• swindelljd - Wednesday, September 12, 2007 - link

    I currently have a 4 way 2.4ghz opteron as a production db server that I am considering upgrading. I'm trying to use the Anandtech benchmarks to help project how much performance gain we'll see in a new machine.

    We're running Oracle but are considering moving to MySQL. So I am trying to compare the stat's in 2 Anandtech reviews to see how the new Barcelona cores compare to the Intel Woodcrest and Clovertown.


    In looking at this article from June 2006( http://www.anandtech.com/IT/showdoc.aspx?i=2772&am...">http://www.anandtech.com/IT/showdoc.aspx?i=2772&am... ) , 2x3ghz Woodcrests (4 cores, right?) run the MySQL test at about 950 QPS (queries per second) for 25,50 and 100 concurrent sessions.

    However this recent article in September 2007 ( http://www.anandtech.com/IT/showdoc.aspx?i=3091&am...">http://www.anandtech.com/IT/showdoc.aspx?i=3091&am... ) appears to show the same 2x3ghz Woodcrests running 700,750 and 850 QPS for 25,50 and 100 connections respectively. That represents a 20% or so DECREASE in performance of the same chip in the last 12 months.

    What am I missing?

    Ultimately I want to compare the Opteron 2350 vs Xeon 5345 and then the Opteron 8350 vs Xeon E7330 but I'm starting with what exists for benchmarks first so I can make sure I understand what I am reading.

    Can someone please help set me straight.



    thanks,
    John
    Reply
  • JohanAnandtech - Monday, September 17, 2007 - link

    The article in june 2006 uses 5.0.21, and there might also be a small change in tuning. The article in September 2007 uses the standaard 5.0.26 mysql version that you get with SLES 10 SP1.

    The best numbers are here:
    http://www.anandtech.com/cpuchipsets/intel/showdoc...">http://www.anandtech.com/cpuchipsets/intel/showdoc...

    The newest version 5.0.45 will give you performance like the above article: MySQL has incorporated the Patches we talked about (that Peter Z. wrote) in this new version.
    Reply
  • Jjoshua2 - Tuesday, September 11, 2007 - link

    I like this benchmark alot as I am a fan of computer chess. Higher was spelled wrong on the graph on that page in Hiher is better. Reply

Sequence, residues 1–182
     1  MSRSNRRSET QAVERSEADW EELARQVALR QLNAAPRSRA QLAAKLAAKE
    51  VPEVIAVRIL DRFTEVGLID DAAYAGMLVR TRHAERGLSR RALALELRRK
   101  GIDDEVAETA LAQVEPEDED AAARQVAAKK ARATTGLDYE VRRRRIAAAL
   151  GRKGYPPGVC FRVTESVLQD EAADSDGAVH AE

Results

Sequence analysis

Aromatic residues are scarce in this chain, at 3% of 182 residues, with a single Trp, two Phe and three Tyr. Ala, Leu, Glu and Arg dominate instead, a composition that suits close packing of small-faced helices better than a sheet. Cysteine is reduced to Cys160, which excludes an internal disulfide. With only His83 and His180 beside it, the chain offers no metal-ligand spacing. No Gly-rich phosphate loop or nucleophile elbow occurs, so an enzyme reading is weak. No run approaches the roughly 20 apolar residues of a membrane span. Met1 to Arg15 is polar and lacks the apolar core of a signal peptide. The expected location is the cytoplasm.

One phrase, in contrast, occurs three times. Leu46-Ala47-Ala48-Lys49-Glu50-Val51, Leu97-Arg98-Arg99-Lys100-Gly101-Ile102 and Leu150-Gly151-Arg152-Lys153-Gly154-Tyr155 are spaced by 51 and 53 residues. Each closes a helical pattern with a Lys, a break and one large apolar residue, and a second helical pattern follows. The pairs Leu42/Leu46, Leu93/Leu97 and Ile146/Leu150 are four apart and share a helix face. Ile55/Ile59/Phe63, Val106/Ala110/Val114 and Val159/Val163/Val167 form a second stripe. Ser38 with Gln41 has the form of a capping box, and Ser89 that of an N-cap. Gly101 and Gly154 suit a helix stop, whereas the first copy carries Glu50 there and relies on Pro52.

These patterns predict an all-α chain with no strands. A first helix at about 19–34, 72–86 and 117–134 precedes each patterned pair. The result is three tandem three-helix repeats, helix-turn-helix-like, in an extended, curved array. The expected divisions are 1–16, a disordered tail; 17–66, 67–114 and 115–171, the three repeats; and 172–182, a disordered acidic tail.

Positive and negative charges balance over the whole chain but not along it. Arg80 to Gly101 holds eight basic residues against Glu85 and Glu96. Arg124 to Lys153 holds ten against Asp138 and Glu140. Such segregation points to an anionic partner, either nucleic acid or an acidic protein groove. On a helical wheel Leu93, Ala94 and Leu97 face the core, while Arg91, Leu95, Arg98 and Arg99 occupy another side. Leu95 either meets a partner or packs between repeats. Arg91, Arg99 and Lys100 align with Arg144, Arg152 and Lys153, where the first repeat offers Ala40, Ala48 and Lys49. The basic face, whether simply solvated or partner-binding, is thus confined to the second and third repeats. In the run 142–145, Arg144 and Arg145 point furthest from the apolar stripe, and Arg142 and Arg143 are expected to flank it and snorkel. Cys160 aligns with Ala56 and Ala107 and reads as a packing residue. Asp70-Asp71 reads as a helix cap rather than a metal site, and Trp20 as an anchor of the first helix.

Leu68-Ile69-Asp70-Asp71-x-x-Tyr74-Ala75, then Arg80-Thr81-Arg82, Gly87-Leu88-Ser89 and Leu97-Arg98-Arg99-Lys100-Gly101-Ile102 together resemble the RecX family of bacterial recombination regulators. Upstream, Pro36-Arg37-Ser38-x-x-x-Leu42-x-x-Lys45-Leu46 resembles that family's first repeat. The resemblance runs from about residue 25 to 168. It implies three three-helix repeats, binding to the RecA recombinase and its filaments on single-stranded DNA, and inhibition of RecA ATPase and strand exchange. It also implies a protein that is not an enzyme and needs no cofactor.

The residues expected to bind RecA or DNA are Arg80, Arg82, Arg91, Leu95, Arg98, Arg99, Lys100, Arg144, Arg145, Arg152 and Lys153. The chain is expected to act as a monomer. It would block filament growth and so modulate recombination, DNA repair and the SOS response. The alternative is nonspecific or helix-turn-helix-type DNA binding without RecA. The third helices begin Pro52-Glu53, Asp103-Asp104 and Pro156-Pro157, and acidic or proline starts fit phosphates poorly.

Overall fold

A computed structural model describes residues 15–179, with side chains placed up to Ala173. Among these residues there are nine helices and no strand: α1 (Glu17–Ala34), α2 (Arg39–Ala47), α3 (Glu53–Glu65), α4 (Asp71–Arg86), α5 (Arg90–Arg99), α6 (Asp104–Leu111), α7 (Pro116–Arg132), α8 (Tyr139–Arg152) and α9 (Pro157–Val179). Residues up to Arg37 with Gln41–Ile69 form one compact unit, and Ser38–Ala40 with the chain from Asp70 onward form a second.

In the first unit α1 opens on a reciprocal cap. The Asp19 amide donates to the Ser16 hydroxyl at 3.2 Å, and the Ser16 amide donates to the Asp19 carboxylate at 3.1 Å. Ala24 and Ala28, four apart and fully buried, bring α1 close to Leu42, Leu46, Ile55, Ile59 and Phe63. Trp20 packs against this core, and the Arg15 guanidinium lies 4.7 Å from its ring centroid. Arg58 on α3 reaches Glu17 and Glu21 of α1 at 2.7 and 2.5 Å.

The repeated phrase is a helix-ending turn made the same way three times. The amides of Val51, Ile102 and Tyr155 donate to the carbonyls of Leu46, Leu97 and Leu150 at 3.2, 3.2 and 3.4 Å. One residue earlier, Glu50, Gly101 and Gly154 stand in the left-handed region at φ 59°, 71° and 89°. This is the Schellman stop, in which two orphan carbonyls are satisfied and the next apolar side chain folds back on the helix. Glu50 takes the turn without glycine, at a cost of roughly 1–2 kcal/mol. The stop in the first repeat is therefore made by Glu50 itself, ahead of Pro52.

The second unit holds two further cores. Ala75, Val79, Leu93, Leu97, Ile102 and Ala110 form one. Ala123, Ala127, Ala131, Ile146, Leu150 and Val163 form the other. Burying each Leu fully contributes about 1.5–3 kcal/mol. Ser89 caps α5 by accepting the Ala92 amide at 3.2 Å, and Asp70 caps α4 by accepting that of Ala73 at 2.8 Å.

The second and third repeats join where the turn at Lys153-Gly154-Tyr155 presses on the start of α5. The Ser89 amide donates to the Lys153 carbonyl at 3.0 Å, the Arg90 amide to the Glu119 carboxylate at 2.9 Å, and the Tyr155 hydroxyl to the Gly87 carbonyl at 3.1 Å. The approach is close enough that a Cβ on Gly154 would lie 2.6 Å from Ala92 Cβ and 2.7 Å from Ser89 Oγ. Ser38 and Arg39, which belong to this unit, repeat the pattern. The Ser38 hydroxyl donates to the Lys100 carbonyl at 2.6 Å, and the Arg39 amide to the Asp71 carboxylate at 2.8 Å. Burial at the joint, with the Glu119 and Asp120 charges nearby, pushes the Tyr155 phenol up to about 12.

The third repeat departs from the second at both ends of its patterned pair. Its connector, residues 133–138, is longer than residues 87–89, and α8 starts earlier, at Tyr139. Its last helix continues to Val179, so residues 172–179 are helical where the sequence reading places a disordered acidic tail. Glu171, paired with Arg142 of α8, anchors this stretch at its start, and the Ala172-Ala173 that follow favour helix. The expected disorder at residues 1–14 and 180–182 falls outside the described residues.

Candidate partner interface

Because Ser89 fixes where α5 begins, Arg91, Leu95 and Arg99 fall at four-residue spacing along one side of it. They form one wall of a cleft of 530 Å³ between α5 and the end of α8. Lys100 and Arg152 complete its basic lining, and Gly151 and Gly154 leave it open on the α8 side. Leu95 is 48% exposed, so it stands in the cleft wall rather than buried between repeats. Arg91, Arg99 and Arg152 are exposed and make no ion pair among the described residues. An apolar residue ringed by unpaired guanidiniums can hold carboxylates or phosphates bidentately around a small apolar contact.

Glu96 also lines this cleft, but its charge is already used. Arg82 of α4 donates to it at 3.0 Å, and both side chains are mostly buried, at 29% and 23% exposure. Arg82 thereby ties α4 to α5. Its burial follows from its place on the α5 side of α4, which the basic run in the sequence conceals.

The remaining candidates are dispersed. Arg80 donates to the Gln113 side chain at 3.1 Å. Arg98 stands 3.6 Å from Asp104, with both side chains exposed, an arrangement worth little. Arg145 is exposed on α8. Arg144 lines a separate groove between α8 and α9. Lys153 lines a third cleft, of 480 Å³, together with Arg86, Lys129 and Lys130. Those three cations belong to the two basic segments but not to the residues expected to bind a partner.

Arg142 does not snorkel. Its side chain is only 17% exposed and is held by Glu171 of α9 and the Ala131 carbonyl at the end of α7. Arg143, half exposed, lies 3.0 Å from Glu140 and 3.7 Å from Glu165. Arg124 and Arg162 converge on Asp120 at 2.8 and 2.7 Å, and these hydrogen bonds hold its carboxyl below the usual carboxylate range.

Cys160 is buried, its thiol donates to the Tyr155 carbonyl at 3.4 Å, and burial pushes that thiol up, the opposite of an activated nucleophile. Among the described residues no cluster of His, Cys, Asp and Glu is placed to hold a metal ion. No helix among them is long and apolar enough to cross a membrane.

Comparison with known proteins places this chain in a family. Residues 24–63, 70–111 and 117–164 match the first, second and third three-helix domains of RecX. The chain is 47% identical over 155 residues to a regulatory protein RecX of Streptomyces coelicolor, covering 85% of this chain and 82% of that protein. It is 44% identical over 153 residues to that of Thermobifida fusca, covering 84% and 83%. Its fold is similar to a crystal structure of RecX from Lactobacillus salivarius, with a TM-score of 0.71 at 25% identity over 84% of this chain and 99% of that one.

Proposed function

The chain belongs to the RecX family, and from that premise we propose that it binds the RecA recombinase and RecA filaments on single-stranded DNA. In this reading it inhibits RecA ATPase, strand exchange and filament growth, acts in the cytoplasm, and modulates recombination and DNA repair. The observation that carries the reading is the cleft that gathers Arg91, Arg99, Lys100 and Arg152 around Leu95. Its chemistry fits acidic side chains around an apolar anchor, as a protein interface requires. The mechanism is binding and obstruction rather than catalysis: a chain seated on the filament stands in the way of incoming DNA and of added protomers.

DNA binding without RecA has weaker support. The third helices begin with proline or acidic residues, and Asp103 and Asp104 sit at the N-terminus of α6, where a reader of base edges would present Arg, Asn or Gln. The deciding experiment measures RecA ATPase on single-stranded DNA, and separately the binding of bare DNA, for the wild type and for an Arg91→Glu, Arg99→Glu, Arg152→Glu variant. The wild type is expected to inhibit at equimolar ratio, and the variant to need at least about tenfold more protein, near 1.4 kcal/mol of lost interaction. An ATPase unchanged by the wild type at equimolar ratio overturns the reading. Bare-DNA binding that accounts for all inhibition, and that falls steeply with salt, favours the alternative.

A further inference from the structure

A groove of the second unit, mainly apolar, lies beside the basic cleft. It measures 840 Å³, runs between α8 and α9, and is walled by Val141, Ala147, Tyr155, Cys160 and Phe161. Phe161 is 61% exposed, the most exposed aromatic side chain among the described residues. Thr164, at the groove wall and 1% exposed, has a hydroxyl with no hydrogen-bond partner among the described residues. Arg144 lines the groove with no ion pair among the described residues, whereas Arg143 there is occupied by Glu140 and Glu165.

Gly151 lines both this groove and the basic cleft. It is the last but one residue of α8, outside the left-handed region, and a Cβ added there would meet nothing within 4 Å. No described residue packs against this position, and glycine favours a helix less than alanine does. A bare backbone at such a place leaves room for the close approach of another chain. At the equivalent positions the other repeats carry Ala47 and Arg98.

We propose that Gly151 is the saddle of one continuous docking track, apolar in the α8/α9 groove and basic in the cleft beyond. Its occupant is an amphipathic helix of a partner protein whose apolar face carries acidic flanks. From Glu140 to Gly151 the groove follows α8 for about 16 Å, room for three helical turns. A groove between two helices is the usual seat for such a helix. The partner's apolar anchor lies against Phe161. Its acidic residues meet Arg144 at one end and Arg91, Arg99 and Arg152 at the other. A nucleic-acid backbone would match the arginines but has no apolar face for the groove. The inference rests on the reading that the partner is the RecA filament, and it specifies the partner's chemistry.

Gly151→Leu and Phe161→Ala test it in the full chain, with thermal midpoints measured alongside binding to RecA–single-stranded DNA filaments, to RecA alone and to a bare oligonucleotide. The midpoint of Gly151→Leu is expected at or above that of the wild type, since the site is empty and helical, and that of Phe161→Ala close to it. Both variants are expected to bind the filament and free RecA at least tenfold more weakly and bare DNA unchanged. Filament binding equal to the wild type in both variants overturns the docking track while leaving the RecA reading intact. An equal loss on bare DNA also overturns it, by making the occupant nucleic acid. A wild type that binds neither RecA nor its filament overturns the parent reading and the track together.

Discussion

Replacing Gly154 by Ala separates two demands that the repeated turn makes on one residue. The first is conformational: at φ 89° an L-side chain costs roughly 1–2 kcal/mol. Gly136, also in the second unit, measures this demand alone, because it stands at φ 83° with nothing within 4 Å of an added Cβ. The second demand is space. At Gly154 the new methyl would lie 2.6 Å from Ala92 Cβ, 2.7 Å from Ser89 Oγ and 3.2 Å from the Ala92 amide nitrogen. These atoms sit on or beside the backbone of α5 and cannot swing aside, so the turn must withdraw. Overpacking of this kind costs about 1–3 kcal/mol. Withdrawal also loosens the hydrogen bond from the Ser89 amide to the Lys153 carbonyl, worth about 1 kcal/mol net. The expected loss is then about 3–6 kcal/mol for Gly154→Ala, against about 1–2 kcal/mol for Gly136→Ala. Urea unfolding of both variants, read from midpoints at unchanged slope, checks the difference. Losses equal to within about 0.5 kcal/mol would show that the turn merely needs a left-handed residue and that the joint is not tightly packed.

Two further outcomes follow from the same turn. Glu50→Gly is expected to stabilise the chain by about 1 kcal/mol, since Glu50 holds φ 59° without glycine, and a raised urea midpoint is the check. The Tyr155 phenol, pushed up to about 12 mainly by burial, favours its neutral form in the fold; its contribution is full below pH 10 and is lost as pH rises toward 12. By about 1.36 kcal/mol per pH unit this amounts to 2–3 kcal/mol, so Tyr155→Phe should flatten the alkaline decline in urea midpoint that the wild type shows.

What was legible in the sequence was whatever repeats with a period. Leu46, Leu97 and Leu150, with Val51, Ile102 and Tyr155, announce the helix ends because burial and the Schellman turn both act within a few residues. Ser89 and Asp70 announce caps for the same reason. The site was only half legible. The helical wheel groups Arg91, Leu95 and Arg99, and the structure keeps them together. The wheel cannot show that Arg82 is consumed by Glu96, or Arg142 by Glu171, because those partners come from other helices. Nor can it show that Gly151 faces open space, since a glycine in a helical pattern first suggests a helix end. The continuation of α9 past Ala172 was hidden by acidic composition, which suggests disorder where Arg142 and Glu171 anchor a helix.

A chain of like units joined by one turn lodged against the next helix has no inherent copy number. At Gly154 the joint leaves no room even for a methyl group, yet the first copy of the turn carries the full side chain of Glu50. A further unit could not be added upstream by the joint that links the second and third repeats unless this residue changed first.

• Schugy - Tuesday, September 11, 2007 - link

    Maybe it's too early for gcc optimizations but how about testing programs like oggenc, ffmpeg, blender, kernel compilation, apache with openssl, doom III and so on? Reply
  • erikejw - Monday, September 10, 2007 - link

    I read another review and they got these scores on the slightly lowerspeed 1.9 GHz Barcelona.

    Barcelona 2347 (1.9Ghz)
    37.5 Gflop/s

    Intel Xeon 5150(2.6Ghz)
    35.3 Gflop/s

    It seems your Barcelona scores are way off for some reason.
    The Xeons score is more or less identical.
    This seems really weird. Normally the higher score is the correct one due to some bad optimizations. The rest of the article is great though.

    Reply
  • kalyanakrishna - Monday, September 10, 2007 - link

    This article seems to be very biased.
    1) they choose faster Intel processors, 2 GHz Opteron. There are 2 GHz processors available across all the processors used in this analysis.
    2) No mention of what compiler was used. Intel compilers earlier had a trick, which was not documented - any code optimized for Intel processors if used on non-intel processors (uhm! AMD), would disable all optimizations. Who knows what else they are doing now. And this gentleman used Intel optimized code on AMD to test performance. Who in the right mind measuring performance would do that?
    3) Intel MKL was used for BLAS. Shouldnt they use ACML for AMD code? Again, who would do that when looking for performance?
    4) Memory Subsystem - knowing that the frequencies are different, why were all the results not normalized?
    5) They managed to comment that Tulsa and Opteron 2000 series are half the performance of core or Barcelona and hence should not be considered in the first page. But in Linpack page, it is mentioned that Intel chips ate AMD ones for breakfast. Of course, they did - peak of Xeon 5100 series is twice that of Opteron 2000 series. You dont need LINPACK to tell you that. Gives a very biased impression.